A Paradox In-Between: The Dian-shi-zhai hua-bao and late 19th Century Chinese Literature
Chinese literature in the last quarter of the 19th century laid in a special political, economic, and social context. On the one hand, it is a period of national humiliation when foreign powers invaded China and tried by every means to seize more political and economic benefits from the already declined Qing government. The unequal pattern of foreign relations during this period became one of the major concerns in literary writings, in which people started looking at the foreign powers with new eyes. On the other hand, because of those early enlightened Chinese elite who aimed at any reformation to make their homeland “wealthy and strong”, modern political concepts as well as science and technology were introduced to China, either by direct or indirect contacts with the West. New genres of literature, including journals and the translated literatures,” were brought in as effective media to transmit these ideas. These reformists hoped that in this way they could both rescue the Qing government from corruption and transform the mind of the common people. In this regard, the appearance and popularity of the Dian-shi-zhai hua-bao (1884-1898) was not an accidental phenomenon in the last days of Qing literature. It reflected a tendency of the Chinese to look for their national identity in a modern world through first learning from and then competing with the others.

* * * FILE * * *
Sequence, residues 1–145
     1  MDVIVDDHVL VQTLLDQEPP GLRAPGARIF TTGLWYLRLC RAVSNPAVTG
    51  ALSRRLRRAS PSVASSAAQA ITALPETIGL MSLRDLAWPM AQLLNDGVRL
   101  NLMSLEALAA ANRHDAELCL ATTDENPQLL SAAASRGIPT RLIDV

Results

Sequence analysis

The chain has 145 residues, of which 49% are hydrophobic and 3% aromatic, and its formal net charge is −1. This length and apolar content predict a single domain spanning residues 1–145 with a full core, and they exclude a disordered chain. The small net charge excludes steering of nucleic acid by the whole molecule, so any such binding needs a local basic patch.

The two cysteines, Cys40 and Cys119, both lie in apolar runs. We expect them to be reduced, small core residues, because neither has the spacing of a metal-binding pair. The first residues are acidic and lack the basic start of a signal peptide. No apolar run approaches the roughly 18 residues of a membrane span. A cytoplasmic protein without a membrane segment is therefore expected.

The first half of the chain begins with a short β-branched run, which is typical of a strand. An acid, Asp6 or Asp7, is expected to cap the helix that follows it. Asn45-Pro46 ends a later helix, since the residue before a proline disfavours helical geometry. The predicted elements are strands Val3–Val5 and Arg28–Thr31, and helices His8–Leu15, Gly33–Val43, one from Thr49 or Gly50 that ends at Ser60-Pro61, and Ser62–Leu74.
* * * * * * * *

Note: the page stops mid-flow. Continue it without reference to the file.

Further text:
The purpose of my paper on the Dian-shi-zhai hua-bao is to use it as a case study by which I can answer the following questions: As a cultural media, how does this new type of illustrated newspaper manage the balance between the traditional Chinese thoughts and the newly introduced Western thoughts? How can the adaptation or rejection of the editors be fit into the late Qing political, economic, and intellectual background? What are some key elements that contribute to its popularity and in what ways? What is the social identity of the editors and artists, such as Wu youru, Jin Chanxiang, Zhou Muqiao, and Tian Zilin, etc.? What could be its relation to the “new novels” as well as traditional Chinese novels? What is the function of the selected stories from Wang Tao’s Song-yin man-lu in this newspaper? By answering these questions I want to examine the transitional period of Chinese literature in which a hybrid pattern represented the paradox between tradition and modernity, between China and the West, as well as between self and others.
Gang Song (United States)
East Asian Languages and Cultures
University of Southern California
(30 min. Conference Paper, English)